Joan Linder Takes on the Atrocities of Toxic Waste in Beautiful Ink Drawings
Estimate $10,400. Drawing with quill pens and ink, Joan Linder depicts life-size, monochromatic figures and objects.
Image rights: Courtesy of the artist and Mixed Greens
Drawing with quill pens and ink, Joan Linder depicts life-size, monochromatic figures and objects. Not without humor—she drew top Bush administration officials in their underpants in Ashcroft, Rumsfeld, Rice and Cheney, Bush (both 2004)—Linder tackles personal and worldly issues, ranging from her family’s Holocaust history to the politics of war and mass production, to gender, power, and objectification. Her drawings, known for their philosophical weight and wide range of subjects (weeds, insects, human skeletons, erotic nudes, architecture, portraits), reference Minimalism, cartoons, Asian scrolls, and 18th-century European landscape drawing. She deliberately embraces the labor-intensive technique as a reaction to “the electronic landscape surrounding us all,” she says.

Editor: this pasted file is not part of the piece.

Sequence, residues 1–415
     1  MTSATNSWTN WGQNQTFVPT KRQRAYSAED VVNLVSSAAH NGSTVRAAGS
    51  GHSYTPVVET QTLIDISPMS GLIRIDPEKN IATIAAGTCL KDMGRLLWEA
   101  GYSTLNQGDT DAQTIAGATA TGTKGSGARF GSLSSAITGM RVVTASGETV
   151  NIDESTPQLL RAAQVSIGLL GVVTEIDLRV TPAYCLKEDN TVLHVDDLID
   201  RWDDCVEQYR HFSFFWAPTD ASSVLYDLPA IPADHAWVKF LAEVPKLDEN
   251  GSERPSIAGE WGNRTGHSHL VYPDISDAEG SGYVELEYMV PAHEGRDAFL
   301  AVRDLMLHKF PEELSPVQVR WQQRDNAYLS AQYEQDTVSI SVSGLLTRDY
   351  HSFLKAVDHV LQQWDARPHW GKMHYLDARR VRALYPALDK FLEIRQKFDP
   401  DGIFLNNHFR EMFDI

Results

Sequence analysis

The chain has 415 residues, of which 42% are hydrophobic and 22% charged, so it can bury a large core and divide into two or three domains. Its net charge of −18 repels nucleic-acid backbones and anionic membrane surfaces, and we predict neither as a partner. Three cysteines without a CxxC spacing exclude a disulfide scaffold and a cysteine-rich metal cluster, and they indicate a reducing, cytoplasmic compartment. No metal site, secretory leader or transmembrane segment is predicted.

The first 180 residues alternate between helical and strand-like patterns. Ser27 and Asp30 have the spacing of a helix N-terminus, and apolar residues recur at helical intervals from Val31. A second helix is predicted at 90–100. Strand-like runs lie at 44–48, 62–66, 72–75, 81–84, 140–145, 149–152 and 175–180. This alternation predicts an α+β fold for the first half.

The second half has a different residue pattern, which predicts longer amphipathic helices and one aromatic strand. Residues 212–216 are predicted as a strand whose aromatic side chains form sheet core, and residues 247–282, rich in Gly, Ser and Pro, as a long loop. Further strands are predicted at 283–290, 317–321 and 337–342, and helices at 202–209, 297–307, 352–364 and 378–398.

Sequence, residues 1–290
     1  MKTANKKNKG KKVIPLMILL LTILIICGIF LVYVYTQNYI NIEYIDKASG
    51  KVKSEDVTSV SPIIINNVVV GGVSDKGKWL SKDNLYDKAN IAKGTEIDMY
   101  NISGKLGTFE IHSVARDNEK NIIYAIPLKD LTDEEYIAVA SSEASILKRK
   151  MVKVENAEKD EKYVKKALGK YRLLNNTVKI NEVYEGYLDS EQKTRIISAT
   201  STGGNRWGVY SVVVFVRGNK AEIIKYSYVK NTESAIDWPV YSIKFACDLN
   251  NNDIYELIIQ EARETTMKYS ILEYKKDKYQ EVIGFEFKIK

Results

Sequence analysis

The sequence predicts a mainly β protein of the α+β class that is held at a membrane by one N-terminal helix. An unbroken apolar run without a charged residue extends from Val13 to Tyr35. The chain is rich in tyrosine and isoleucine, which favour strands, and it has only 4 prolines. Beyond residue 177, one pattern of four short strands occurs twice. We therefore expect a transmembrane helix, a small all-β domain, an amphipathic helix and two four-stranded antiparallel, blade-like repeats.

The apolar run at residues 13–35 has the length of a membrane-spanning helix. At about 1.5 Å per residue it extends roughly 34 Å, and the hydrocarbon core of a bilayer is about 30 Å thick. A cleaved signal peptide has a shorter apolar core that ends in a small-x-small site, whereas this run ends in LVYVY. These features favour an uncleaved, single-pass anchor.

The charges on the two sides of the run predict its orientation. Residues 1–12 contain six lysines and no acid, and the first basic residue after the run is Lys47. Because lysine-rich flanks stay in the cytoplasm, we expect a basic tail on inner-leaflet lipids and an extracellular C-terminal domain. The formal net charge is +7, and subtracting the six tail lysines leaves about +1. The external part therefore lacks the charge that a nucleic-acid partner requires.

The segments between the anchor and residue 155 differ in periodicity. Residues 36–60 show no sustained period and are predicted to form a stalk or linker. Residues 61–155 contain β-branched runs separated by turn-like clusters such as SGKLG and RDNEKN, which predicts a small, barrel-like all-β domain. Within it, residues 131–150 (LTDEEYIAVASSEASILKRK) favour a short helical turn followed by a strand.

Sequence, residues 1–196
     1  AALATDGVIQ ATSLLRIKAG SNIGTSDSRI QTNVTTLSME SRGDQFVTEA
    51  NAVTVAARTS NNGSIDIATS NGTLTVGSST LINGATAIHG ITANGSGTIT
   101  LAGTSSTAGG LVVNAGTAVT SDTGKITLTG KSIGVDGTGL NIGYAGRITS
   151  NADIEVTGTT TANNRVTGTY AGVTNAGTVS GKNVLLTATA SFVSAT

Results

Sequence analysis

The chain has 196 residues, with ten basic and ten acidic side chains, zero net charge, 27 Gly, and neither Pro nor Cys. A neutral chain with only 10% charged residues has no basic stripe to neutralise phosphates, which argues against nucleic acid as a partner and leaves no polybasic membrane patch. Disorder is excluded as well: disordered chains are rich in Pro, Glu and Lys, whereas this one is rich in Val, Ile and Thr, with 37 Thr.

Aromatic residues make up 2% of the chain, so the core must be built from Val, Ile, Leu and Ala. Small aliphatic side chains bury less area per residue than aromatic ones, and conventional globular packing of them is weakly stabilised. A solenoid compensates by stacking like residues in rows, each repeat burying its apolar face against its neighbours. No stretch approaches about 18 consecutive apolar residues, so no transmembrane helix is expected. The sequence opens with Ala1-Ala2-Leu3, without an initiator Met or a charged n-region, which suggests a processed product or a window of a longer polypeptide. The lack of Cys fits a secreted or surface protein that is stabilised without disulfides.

American, b. 1970, New York, New York, based in Buffalo, New York